Council leader's concerns for vulnerable as Rochdale’s infection rate rises to highest in region

Date published: 19 October 2020

Allen Brett, leader of Rochdale council says admissions to hospital and intensive care units are his main concern after the borough’s infection rate became the highest in the region over the weekend.

Latest Public Health England figures show there were 454 cases per 100,000 people during the week to 14 October.

The 12% week-on-week rise has seen it overtake Manchester – whose problems largely relate to the student population – as the worst hit in the conurbation.

Wigan now has the second highest rate.

It is the first time since July that Rochdale has recorded the highest figures in Greater Manchester.

The council leader does not believe the borough’s position situation has materially changed since last week.

“Obviously it’s a worry but I don’t think it’s any different to what it was a week ago,” he said.

“It’s not the infection rates that are the worry, it’s if those infection rates change into people having to go into ICU.”

Documents leaked to The Guardian have raised fears the region’s hospitals could run out of beds amid a resurgence of the virus.

By Friday 82% of critical care beds in Greater Manchester, were reportedly being used by coronavirus patients or those critically ill with another illness – with hospitals in Salford, Stockport and Bolton already at maximum capacity.

Although clearly worrying, a spokesman for the NHS in Greater Manchester has said the figures are not unusual for the time of year.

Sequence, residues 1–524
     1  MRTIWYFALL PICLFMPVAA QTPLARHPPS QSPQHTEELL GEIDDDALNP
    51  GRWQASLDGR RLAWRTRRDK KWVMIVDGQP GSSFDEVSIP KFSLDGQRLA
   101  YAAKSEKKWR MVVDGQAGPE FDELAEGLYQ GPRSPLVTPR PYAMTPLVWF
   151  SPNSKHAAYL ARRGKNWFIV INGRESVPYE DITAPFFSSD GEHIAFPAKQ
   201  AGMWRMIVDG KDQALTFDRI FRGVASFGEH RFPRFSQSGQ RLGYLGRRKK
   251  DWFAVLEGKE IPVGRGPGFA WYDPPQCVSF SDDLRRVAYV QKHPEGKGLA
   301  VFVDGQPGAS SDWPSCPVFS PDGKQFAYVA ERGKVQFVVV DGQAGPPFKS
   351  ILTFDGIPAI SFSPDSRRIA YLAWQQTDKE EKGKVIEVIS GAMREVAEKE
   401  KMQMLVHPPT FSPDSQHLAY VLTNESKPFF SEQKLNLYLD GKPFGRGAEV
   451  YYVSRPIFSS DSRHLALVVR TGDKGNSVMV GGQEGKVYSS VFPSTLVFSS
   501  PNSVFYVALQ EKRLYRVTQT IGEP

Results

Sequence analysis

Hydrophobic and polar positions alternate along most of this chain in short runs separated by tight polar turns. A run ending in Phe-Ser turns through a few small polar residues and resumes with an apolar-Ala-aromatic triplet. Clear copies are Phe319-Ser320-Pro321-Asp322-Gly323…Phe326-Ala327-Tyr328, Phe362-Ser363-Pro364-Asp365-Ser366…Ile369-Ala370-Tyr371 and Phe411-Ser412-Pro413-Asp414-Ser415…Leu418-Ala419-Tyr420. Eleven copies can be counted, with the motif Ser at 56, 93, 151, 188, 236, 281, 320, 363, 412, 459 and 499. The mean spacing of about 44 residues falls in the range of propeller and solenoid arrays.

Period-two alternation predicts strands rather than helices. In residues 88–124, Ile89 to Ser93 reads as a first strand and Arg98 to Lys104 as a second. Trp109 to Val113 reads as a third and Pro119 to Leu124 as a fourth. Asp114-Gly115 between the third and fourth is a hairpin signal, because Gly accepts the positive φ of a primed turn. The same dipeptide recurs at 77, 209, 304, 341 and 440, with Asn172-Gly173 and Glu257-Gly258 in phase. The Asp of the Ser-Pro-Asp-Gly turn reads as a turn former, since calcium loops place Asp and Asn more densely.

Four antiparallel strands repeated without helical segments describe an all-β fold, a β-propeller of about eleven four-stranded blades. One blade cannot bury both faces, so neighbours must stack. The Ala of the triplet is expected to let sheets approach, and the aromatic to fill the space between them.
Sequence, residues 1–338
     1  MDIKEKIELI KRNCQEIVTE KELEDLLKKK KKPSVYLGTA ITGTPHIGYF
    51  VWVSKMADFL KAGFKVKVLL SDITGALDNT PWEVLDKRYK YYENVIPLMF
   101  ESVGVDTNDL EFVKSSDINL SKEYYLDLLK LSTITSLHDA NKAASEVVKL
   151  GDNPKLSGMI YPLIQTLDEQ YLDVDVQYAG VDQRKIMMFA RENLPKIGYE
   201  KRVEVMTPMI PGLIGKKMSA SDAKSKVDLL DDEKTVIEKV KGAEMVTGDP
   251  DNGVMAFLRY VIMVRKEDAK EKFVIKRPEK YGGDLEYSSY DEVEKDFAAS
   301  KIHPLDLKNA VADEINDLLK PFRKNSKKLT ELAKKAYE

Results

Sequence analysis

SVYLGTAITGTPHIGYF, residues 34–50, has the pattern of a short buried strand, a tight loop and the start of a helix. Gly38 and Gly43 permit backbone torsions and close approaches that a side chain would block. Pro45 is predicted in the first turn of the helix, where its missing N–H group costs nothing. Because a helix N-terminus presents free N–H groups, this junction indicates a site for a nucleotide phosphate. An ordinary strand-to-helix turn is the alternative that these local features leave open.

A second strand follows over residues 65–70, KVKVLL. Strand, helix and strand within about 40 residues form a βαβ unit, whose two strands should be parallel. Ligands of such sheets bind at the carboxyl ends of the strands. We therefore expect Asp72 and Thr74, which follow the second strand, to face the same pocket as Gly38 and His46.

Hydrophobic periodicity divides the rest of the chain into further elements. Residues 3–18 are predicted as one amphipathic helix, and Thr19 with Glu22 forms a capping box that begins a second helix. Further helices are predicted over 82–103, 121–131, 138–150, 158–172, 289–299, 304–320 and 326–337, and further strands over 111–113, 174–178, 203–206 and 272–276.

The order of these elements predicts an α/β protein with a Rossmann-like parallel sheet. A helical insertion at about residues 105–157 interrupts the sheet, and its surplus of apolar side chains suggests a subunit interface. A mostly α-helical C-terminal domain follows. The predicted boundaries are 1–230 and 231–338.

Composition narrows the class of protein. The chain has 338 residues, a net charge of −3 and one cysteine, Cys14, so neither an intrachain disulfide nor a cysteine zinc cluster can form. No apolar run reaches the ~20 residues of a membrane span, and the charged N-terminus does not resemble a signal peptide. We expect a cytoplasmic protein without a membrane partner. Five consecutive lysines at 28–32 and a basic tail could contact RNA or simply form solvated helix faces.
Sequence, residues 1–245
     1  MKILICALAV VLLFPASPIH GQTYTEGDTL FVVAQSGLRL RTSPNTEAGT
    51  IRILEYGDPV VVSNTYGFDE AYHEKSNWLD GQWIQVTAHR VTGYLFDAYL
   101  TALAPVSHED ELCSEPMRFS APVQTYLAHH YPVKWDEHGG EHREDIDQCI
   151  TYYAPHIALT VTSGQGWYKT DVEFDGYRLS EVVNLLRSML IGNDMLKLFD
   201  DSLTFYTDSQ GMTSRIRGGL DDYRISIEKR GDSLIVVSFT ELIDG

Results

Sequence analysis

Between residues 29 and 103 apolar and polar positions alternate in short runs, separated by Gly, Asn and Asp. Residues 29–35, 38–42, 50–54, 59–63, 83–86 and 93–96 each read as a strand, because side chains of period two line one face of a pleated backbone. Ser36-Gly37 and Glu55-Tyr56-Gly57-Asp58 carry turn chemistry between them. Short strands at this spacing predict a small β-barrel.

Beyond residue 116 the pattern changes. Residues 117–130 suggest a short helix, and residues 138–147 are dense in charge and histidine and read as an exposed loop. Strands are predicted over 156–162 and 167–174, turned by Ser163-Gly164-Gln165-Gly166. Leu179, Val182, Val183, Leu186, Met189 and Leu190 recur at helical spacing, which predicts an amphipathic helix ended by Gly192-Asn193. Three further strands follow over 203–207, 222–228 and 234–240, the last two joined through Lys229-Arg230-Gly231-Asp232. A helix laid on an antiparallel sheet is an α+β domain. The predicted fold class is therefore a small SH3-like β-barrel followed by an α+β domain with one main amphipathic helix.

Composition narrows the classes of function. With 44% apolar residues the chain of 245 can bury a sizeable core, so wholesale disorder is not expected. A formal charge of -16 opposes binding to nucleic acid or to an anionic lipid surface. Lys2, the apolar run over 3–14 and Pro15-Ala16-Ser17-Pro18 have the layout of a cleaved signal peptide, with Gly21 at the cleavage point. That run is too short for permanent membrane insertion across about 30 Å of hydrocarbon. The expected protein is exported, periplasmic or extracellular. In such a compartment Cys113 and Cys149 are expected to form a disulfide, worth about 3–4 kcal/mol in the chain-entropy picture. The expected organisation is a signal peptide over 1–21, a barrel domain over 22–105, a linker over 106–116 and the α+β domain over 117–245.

Asked what the situation was in Rochdale, Councillor Brett said figures were ‘creeping up’ but he had not received a ‘red alert’ over the situation.

Councillor Brett said the spread of the virus to more vulnerable people in the borough remained his major concern.

He said: “The infection rate, if it’s among younger members of the population, although they can spread it around, they are not likely to develop worse symptoms and go into ICU.

“The big worry is the elderly population and those with underlying health problems.”

As the region’s stand-off with central government over moving into Tier Three restrictions continues Councillor Brett said it was also important to look at the wider picture regarding health.

The issue of whether gyms would have to close – as they have in the Liverpool city region- was a case in point.

“We have a strange situation where people are sometimes sent to gyms by their GP or hospital to get fit and we are thinking of closing them,” he said.

“The government is saying to us it doesn’t want the health service to be overwhelmed. We don’t want it to be overwhelmed – but by closing things like gyms, are we going to put pressure on other areas of the NHS?”

Councillor Brett shares Mayor Andy Burnham and his fellow council leaders’ position that further restrictions without an adequate package of financial support would be ruinous for businesses and jobs.

He said: “Nobody is saying to us ‘go into Tier Three for four weeks and at the end of the four weeks you will be out of problems. Nobody can say that or guarantee it, it’s really worrying.

“We could get to the end of four weeks and be told we need to do more – or Tier Three-plus. It’s very frustrating and very worrying.”

Nick Statham, Local Democracy Reporter

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